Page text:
India and South-East Asia are huge markets for tobacco, and two countries where tobacco sales are expected to shoot up are India and Indonesia. In India, a doctor is leading an ambitious campaign against tobacco.

By Frederick Noronha

June 1999

Goa: This former Portuguese colony, the gateway which brought tobacco into India, is now turning into a battleground against the weed which enchants millions in India. Led by a doctor from Goa, the National Organisation for Tobacco Eradication (NOTE) has embarked on an ambitious campaign against tobacco, ghutka (chewable tobacco) and snuff.

Dr Sharad G Vaidya, a medical practitioner who heads NOTE, has put the powerful industry on the mat by focusing on what the spread of tobacco has meant since it was brought into India from South America by the Portuguese at the start of the 17th century.

'It's a huge market in India and South-East Asia. Tobacco companies are also targeting youth between 15 and 25. Two countries where it will zoom up are India and Indonesia,' Dr Vaidya said.

Persistent drives saw a tough tobacco-control law passed in Goa, India's smallest state. But the angry tobacco industry hit back; after many months the law is still to be signed by the President. Despite the tobacco lobby's power, if it sails through, this could be the tightest anti-tobacco law across India.

The Bill as passed by the Goa Assembly bans smoking and spitting in public places and vehicles. It blocks direct and indirect advertisement, the sale of tobacco products to those below 21, and to anyone within 100 metres of schools or places of worship. Violation of the advertisement and sale curbs will lead to three months in jail; other offences will result in various levels of fines. Voluntary groups will have some powers in enforcing the law.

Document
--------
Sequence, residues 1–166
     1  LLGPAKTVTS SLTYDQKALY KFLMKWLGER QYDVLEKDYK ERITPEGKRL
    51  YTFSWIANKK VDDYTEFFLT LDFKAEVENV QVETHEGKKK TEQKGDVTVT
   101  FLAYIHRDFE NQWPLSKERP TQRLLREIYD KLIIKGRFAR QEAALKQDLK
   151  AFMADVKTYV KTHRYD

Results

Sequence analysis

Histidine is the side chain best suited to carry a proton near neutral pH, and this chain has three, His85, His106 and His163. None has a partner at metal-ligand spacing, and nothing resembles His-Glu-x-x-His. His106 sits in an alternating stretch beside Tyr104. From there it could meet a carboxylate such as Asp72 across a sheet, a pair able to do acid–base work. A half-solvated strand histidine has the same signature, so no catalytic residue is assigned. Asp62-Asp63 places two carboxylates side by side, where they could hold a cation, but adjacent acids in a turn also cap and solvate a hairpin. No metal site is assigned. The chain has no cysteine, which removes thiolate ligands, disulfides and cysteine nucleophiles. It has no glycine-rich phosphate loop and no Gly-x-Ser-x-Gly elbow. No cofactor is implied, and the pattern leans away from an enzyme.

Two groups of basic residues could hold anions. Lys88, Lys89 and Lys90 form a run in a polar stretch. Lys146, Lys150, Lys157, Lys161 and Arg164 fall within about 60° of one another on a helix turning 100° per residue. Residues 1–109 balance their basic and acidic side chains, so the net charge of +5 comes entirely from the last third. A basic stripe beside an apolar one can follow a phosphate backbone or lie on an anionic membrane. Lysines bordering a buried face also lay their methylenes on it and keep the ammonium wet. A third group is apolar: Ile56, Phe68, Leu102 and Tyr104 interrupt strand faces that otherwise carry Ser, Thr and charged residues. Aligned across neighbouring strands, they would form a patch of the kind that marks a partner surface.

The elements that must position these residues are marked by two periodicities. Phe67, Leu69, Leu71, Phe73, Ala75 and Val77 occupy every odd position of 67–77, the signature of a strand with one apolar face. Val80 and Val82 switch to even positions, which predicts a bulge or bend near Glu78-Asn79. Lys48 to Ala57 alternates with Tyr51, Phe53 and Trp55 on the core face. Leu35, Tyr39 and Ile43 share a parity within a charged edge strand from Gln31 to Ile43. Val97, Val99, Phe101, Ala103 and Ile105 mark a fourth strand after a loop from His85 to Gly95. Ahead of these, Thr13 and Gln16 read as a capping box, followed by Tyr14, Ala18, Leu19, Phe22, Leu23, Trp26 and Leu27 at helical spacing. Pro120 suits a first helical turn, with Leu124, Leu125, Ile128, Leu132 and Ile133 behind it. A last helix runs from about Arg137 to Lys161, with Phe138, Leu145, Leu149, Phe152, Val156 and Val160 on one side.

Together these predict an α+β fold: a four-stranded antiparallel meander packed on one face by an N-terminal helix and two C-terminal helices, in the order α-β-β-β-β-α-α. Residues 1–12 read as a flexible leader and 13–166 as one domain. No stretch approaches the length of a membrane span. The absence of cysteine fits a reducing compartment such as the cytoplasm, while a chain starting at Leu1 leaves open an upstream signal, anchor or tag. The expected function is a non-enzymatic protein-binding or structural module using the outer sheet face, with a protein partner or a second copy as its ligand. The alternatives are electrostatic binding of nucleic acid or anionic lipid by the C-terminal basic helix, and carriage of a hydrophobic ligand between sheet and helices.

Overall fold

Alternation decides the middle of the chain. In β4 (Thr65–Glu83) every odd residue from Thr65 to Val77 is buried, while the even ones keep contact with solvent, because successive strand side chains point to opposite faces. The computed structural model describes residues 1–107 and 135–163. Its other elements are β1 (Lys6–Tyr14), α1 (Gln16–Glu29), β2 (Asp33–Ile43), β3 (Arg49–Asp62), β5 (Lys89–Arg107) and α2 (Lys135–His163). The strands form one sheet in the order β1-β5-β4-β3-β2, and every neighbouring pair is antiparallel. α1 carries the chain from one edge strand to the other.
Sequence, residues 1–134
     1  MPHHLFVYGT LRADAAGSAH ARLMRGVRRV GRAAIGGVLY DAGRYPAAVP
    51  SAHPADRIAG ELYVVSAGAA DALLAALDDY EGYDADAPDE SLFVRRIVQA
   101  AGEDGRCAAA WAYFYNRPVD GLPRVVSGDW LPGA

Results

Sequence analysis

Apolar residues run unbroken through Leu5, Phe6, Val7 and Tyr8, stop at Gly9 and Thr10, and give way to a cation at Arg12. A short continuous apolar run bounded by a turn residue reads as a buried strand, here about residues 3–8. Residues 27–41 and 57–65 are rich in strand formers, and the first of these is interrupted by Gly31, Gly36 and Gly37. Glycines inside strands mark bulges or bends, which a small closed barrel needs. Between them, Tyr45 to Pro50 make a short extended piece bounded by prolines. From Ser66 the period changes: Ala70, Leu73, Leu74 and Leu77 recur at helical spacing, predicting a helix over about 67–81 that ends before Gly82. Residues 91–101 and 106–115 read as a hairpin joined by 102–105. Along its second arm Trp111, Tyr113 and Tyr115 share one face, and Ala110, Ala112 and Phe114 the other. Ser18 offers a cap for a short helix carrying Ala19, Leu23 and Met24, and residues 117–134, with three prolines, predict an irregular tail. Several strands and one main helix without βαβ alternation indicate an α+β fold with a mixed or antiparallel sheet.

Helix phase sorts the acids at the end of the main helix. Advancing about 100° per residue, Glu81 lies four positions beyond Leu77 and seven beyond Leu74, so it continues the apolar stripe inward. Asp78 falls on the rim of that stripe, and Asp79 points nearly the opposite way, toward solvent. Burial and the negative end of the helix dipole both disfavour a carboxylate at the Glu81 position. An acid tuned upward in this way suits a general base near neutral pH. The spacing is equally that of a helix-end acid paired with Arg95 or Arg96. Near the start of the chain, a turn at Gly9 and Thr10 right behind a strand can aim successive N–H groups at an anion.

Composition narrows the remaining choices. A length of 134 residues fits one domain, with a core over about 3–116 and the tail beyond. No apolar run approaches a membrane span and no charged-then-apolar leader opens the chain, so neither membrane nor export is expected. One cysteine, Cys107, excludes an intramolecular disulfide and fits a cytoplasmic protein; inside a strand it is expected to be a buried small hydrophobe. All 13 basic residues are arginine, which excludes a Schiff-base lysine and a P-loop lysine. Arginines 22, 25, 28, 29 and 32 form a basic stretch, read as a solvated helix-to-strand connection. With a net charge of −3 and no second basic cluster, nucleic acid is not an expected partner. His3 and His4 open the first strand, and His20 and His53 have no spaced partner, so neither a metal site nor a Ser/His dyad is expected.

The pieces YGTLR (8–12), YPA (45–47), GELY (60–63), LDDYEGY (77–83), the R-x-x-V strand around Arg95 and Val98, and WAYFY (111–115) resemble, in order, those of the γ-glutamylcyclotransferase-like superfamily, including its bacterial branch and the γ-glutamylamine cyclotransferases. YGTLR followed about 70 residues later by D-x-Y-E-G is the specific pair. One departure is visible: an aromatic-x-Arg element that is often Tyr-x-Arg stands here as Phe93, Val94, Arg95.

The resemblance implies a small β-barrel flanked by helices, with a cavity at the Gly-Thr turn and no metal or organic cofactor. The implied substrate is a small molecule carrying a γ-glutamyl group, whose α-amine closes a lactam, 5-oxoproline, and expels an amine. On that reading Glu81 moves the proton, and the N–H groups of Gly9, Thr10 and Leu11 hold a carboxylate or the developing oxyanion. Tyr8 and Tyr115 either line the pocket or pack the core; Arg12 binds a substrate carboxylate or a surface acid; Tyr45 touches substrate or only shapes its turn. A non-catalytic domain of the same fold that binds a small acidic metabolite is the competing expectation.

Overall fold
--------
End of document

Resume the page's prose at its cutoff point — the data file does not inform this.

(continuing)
Affected interests first tried to delete the advert-ban clause, but later, the bill was passed unanimously. Then, the Governor's consent - usually a mere formality - was declined. The bill has now been referred to the President of India and it will become law only with his assent.

NOTE estimates that in India, about 5,500-6,000 youth in their teens start using tobacco each day.

But unlike other groups, NOTE does not waste its breath telling you about the hundred-and-one ways of how tobacco could affect your health. It instead sees tobacco as an issue of economics, of politics, of power and of finances.

In Goa, tobacco is also linked with history. 'Tobacco addiction in Goan society demanded regular supplies from Portugal (in past centuries),' writes historian Dr Celsa Pinto, author of a book on trade and finance in colonial 'Portuguese India'.

Since the 17th century, sailing vessels leaving Lisbon for India would collect tobacco rolls at Mozambique - also a Portuguese colony - for onward delivery at the port of Goa. Money obtained from tobacco sales would go towards buying Indian cotton textiles for Portugal.

But that was all in the past. For the present, NOTE wants to get a 'clear, effective and comprehensive law' for the whole of India to ban tobacco advertisements and sponsorship of sports. It is also working towards higher taxes on cigarettes and tobacco-related products and makes efforts to enforce laws that block the illegal sale of cigarettes to children.

NOTE closely interacts with bodies like the World Health Organisation, the World Bank and the American Cancer Society in its efforts to build public opinion. Using electronic-mail and the Internet, the small but active organisation keeps in touch with the latest debates on tobacco in the West.